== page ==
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A Response to Professors Meyer, Ohlin and Lorite Escorihuela

  • Pierre-Hugues Verdier (a1) and Erik Voeten (a2)
  • In response to commentaries on:
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1 Verdier, Pierre-Hugues & Voeten, Erik, Precedent, Compliance, and Change in Customary International Law: An Explanatory Theory, 108 AJIL 389, 390 (2014).

2 Meyer, Timothy, How Different are Treaties and Modern Customary International Law? A Response to Verdier and Voeten, 108 AJIL Unbound 240 (2015).

3 See Verdier, Pierre-Hugues & Voeten, Erik, How Does Customary International Law Change? The Case of State Immunity , 59 Int’l Stud.Q. (forthcoming 2015).

4 Professor Meyer cites instances of reciprocity in the context of diplomatic relations as a counter-example. However, reciprocity in this area often relates to privileges and immunities in excess of what is clearly required by law. This is consistent with the idea that recognizing a rule as CIL implies that it is prima facie applicable to all states, while ‘reciprocity is made to apply to concessions and privileges to which states are not entitled, or which they are not bound to grant, according to ordinaryinternational law.’ Lauterpacht, Hersch, The Problem of Jurisdictional Immunities of Foreign States , 1951 Brit. Y.B. Int’l L. 220, 228 . In somecases, states may want to respond in kind to clear violations of diplomatic law. As long as the rules were CIL, however, reciprocal responses ran the risk of undermining them. This may be one reason why states have chosen to codify this area.

5 Except of course to the extent permitted by self-defense—but permitting self-defense by an attacked state does not amount to applying the primary rule prohibiting the use of force on the basis of reciprocity. We develop this point in Verdier & Voeten, supra note 1, at 431-32.

6 Bykhovskaya, Ekaterina, State Immunity in Russian Perspective 146 (2008) states that the relevant provision was never applied in the Soviet Union or post-1991 Russia. Chinese sources note disagreement among Chinese scholars as to the applicability of reciprocity to foreign state immunity, and provide no instances of its application. See, e.g., Jin, Huang & Jingsheng, Ma, Immunities of States and their Property: The Practice of the People’s Republic of China, 1 Hague Y.B.Int’l L. 163 (1988); Lijiang, Zhu, State Immunity from Measures of Constraints for the Property of Foreign Central Banks: The Chinese Perspective, 6 Chinese. J. Int’l L. 67 (2007). We discuss the practice of other countries in Verdier & Voeten, supra note 3.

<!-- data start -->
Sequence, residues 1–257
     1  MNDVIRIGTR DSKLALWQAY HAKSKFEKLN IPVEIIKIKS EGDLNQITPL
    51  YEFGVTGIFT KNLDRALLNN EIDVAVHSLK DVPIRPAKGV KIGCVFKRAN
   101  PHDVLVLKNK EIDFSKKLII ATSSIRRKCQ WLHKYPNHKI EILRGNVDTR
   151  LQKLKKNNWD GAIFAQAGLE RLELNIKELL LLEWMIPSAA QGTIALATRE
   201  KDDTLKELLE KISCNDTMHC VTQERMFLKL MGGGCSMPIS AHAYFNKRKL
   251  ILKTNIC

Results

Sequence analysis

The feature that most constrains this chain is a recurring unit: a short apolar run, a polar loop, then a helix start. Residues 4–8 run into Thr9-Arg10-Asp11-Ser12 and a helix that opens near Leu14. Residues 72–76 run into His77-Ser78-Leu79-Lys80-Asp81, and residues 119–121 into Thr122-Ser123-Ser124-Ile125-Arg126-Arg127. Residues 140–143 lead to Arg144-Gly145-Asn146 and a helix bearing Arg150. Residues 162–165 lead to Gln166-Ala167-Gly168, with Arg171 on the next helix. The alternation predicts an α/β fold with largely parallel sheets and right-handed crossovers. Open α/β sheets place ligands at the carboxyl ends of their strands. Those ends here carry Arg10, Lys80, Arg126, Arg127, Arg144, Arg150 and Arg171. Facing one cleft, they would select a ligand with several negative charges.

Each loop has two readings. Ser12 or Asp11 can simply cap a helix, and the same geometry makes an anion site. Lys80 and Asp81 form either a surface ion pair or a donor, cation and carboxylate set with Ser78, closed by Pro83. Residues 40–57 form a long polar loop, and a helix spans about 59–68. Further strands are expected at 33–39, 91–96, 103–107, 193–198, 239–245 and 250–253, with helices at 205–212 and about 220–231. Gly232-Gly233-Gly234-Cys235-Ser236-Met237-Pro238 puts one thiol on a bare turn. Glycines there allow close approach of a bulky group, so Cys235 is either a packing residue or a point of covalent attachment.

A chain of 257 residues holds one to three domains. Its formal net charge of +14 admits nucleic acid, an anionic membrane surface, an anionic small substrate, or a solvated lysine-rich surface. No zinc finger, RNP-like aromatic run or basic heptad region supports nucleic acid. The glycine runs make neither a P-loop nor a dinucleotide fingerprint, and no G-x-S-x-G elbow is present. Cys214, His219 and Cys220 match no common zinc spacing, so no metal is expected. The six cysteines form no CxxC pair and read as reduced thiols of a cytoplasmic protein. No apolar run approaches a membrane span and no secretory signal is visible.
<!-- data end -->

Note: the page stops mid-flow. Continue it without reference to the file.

7 Vienna Convention on the Law of Treatiesart. 60. May 23, 1969, 1155 UNTS331.

8 See Verdier & Voeten, supra note 1, at 426 n.200.

9 See Verdier & Voeten, supra note 3(discussing UNcodification of foreign state immunity).

10 Ohlin, Jens David, Precedent and Custom: A Response to Verdier and Voeten, 108 AJIL Unbound 246 (2015).

11 UN Charterarts. 2(4) and 51.

12 Ohlin, Jens David, The Assault on International Law (2015). We recognize that our descriptive account inevitably sets aside normative questions of interest to many scholars, and we thank Professor Ohlin for offering thoughts on some of these questions in his response.

13 Escorihuela, Alejandro Lorite, The Translation of Common Sense , 108 AJIL Unbound 250 (2015).

14 It is also noteworthy that unlike most modern legal sources, the normsgoverning CIL formation explicitly incorporate reference to the actual practice and beliefs of states. The search for CIL thus has an empirical component, even in its own normative terms. In this sense, CIL is indeed ‘plausibly interested in describing the world.’ The fact that CIL explicitly stakes its claim to normativity on consistency with facts about the world makes descriptive investigation important to international lawyers, not just social scientists.

15 Goldsmith, Jack L. & Posner, Eric A., A Theory of Customary International Law , 66 U. Chi. L. Rev. 1113 (1999); Goldsmith, Jack L. & Posner, Eric A., The Limits of International Law (2005).